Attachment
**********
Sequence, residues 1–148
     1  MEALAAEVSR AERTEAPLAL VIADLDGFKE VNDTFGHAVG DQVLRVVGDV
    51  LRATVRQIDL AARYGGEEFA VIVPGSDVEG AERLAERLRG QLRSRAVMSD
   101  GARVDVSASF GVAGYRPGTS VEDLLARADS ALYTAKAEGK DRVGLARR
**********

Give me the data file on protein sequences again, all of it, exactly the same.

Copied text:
Sequence, residues 1–148
     1  MEALAAEVSR AERTEAPLAL VIADLDGFKE VNDTFGHAVG DQVLRVVGDV
    51  LRATVRQIDL AARYGGEEFA VIVPGSDVEG AERLAERLRG QLRSRAVMSD
   101  GARVDVSASF GVAGYRPGTS VEDLLARADS ALYTAKAEGK DRVGLARR